Parking charges for teachers stem from system of checks and balances: Ong Ye Kung

Free parking for staff in education institutions was flagged by the Auditor-General's Office (AGO) in 2015 for going against the civil service's clean wage policy.
Free parking for staff in education institutions was flagged by the Auditor-General's Office (AGO) in 2015 for going against the civil service's clean wage policy.ST PHOTO: KELVIN CHNG

SINGAPORE - The decision to charge teachers for parking is borne out of a public duty to abide by a "system of internal self-discipline", Education Minister Ong Ye Kung said in a Facebook post on Friday (May 25).

Free parking for staff in education institutions was flagged by the Auditor-General's Office (AGO) in 2015 for going against the civil service's clean wage policy - that of not paying a public servant hidden benefits beyond his salary.

"This finding went against years of MOE practice. Yet we have to respect our internal system of checks and balances. We cannot pick and choose which (AGO) finding to address or comply with - we take them all seriously," Mr Ong wrote.

"This is about upholding the value of self-discipline."

Mr Ong was responding to a speech made in Parliament last week by Marine Parade GRC MP Seah Kian Peng, who called for a shift away from looking at issues through an economic lens.

Mr Seah, whose speech was widely shared on social media, said using the clean wage system to justify parking charges in schools "implies that all the years of free parking had tarred teachers with an 'unclean' wage".

Adding that charging for parking "sits uncomfortably" with him, he noted the sacrifices teachers had been making over the years without counting dollars and cents.

 
 
 

On Friday, Mr Ong said he had thanked Mr Seah personally for speaking up for teachers.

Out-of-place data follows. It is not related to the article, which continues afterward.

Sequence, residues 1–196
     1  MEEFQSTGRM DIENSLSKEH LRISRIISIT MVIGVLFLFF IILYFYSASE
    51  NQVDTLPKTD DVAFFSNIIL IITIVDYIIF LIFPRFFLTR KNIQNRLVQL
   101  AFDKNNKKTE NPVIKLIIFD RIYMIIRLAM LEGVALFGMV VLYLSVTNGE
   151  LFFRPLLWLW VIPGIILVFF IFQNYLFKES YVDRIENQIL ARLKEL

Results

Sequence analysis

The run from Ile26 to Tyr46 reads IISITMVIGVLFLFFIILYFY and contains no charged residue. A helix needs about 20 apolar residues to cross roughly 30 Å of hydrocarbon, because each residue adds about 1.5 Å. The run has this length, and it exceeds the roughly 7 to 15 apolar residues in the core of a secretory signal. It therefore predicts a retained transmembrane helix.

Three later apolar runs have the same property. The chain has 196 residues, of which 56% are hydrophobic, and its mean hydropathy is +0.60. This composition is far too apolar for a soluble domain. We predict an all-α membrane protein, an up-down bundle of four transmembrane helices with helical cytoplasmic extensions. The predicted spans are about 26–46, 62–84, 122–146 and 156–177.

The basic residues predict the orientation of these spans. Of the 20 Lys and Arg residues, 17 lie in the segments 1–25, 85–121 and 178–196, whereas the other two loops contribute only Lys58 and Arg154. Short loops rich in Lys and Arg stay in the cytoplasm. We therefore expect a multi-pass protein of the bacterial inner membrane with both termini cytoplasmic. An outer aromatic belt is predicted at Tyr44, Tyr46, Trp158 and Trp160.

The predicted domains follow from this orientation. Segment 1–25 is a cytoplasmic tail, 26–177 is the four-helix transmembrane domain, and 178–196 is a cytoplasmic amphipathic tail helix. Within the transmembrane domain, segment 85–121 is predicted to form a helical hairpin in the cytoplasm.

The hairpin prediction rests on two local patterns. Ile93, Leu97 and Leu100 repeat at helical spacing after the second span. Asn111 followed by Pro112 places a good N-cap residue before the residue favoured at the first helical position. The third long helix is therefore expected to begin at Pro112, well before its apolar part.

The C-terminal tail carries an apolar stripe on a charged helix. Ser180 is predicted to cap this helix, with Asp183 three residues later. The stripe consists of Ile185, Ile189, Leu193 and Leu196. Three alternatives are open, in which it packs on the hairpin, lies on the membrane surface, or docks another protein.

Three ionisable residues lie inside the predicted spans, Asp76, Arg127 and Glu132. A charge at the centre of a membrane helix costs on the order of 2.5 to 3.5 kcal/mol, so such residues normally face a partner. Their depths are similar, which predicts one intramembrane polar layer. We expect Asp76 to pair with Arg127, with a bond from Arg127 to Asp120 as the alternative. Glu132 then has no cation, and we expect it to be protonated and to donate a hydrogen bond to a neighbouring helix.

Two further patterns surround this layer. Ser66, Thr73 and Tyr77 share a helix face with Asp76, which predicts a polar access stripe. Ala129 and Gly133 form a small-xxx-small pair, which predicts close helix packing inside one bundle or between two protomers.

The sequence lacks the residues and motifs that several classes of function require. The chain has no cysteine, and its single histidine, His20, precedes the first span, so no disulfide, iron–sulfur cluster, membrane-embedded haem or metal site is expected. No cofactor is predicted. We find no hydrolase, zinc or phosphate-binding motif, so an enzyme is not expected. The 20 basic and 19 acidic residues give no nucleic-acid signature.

"I also told him I agreed with him that we should never allow ourselves to see things from a purely economic lens," he said.

Governance and running a public service system is not always about taking a purist market-based approach, Mr Ong added, citing examples such as how land use is planned not just for economic purposes, but for social, community and environmental ends as well.

"Perhaps for the same reason, for a long time, we didn't charge parking for teachers in schools and servicemen in camps," he said.

However, there are checks and balances within Singapore's governance system, he added. In the case of the annual AGO report, the checks pertain to the use of public funds. The observations and findings by AGO are "published and subject to parliamentary scrutiny", he noted.

The issue of teachers not paying for parking in schools first came under the spotlight in 2015, when the AGO report faulted some educational institutions for allowing their staff to park for free, or at fees below the market rate.

In response, the authorities discussed the issue with educators and sought their understanding on how to address the finding, Mr Ong said. It culminated in the decision to implement parking charges in schools from August this year.

Defending the clean wage policy, Mr Ong wrote on Friday: "The whole public service subscribes to the discipline of having a clean wage, so every public officer knows that his salary is all he gets - there are no hidden benefits.

"This is one of our core practices to ensure a clean government. As Kian Peng said, clean wage surely must be a moral idea. Indeed, it is."

Moreover, the free parking benefit, he noted, was being given "just to one group of teachers" - those who drive.

That said, charging teachers for parking "does not diminish our appreciation of teachers and educators", stressed Mr Ong.

He added: "I am heartened to see so many people coming forward to express their appreciation of teachers.

"As Kian Peng said, it is a reminder about the kind of conversations and discourses we should be having. That policy decisions should be grounded not just on economics, but more importantly on values, morals, and public duty."